Chinese Fighters Cross Into Taiwan’s Side Of The Strait As High-Level U.S. Visit Begins

China sent formations of Chengdu J-10 and Shenyang J-11 fighters into the Taiwan Strait earlier today. The aircraft crossed the median line that separates the highly sensitive channel for a brief period of time, according to local reports. The line acts as an unofficial airspace boundary between the mainland and the island. The flights came after the arrival of U.S. Health and Human Services Secretary Alex Azar in Taiwan on Sunday at the start of a nearly unprecedented high-level visit.

The show of strength from Beijing occurred shortly before Azar met with Taiwan’s president, Tsai Ing-wen, and the U.S. diplomat pledged “strong support and friendship” from Washington. The activity by the People’s Liberation Army Air Force (PLAAF) fighters drew the following statement from Taiwan’s Ministry of National Defense. “PLAAF jets’ deliberate intrusion and destruction of the current situation in the Taiwan Strait have seriously undermined regional security and stability.” 

The J-10 and J-11 fighters briefly flew on Taiwan’s side of the narrow strait at approximately 9.00 am local time (01.00 GMT). The Chinese fighters were also tracked by Taiwan’s land-based anti-aircraft missiles, Taiwan’s Ministry of National Defense said, before being “driven out” by Taiwan’s Air Force. We have yet to hear Beijing’s version of these events. 

A Chinese J-11B., Chinese Internet

Azar’s arrival marks the highest-level U.S. official visit to Taiwan in four decades, and it comes amid deteriorating American relations with China. Beijing condemned the visit which comes as part of a significant shift in U.S. foreign policy towards Taiwan under the Trump Administration. China also promised some sort of unspecified retaliation to Azar’s diplomatic mission.

This incursion is the latest in a series of military displays from both Taipei and Beijing. Earlier this week, Taiwan launched F-16s armed with live AGM-84 Harpoon anti-ship missiles on patrols ahead of expected Chinese exercise drills in the South China Sea. The U.S. has also been engaged in high-tempo surveillance missions and exercises in the area, including operating alongside Australia and Japan, the details you can read more about here.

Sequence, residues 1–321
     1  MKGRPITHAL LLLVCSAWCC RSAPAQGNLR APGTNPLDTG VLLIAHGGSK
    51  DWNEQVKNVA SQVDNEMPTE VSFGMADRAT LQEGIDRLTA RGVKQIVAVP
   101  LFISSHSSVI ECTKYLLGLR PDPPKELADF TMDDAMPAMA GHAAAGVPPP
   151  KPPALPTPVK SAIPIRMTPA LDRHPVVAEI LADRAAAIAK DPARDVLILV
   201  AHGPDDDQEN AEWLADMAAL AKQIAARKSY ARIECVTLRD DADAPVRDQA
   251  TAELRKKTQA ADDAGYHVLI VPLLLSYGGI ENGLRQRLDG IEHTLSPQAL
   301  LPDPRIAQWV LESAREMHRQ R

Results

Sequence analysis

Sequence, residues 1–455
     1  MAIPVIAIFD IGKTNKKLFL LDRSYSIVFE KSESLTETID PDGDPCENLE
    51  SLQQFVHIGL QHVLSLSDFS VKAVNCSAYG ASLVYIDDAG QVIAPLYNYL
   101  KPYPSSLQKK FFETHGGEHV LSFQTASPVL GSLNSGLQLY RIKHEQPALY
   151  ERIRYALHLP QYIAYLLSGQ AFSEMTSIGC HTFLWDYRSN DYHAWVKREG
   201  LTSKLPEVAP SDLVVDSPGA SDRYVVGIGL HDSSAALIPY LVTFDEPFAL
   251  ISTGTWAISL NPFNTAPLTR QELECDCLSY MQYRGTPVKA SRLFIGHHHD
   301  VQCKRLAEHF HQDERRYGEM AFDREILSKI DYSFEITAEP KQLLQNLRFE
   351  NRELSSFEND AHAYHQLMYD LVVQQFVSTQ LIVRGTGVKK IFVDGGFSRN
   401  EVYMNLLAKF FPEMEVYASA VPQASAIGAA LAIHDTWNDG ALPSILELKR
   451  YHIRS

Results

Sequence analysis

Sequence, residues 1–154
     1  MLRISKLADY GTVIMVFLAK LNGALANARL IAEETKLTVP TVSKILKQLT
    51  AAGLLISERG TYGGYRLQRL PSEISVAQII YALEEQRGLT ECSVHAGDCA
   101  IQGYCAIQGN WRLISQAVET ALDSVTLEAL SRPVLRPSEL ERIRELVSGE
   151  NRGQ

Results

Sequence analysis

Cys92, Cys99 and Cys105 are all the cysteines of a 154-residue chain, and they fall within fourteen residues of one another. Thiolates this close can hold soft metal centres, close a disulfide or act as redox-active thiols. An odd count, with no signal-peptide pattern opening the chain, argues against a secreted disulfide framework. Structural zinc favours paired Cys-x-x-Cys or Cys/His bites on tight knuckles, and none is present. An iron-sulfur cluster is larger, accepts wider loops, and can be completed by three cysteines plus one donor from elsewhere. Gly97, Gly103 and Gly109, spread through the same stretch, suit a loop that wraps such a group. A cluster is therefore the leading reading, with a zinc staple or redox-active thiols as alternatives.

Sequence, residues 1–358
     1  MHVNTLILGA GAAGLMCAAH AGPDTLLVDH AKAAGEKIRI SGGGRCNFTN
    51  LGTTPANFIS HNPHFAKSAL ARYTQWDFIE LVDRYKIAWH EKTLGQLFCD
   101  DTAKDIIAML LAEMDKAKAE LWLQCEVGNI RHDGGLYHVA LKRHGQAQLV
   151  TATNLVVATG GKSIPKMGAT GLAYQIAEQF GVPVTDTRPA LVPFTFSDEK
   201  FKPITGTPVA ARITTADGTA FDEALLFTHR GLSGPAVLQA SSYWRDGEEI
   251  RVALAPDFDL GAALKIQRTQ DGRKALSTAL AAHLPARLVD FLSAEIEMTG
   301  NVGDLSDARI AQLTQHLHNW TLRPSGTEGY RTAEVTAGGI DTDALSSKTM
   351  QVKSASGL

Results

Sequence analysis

The People’s Republic of China views Taiwan as a rogue province and both political and military tensions have increased significantly between the island and the mainland in recent years. The Trump administration’s trade war with China, its willingness to arm Taipei with advanced weaponry, among a number of other disputes, including those related to the ongoing COVID-19 pandemic, have resulted in an even deeper chill in U.S.-China-Taiwan relations. This highly-significant diplomatic visit to Taiwan by a senior U.S. official has predictably raised Beijing’s ire even further and authorities on the island have mobilized their forces in kind. Taiwan’s Air Force no doubt remains on high alert to react to any hostile activities, especially throughout the duration of this high profile U.S.-Taiwan diplomatic engagement. 

We will update this post as more information comes available. 

Author’s note: Hat tip to for the early warning on this story.

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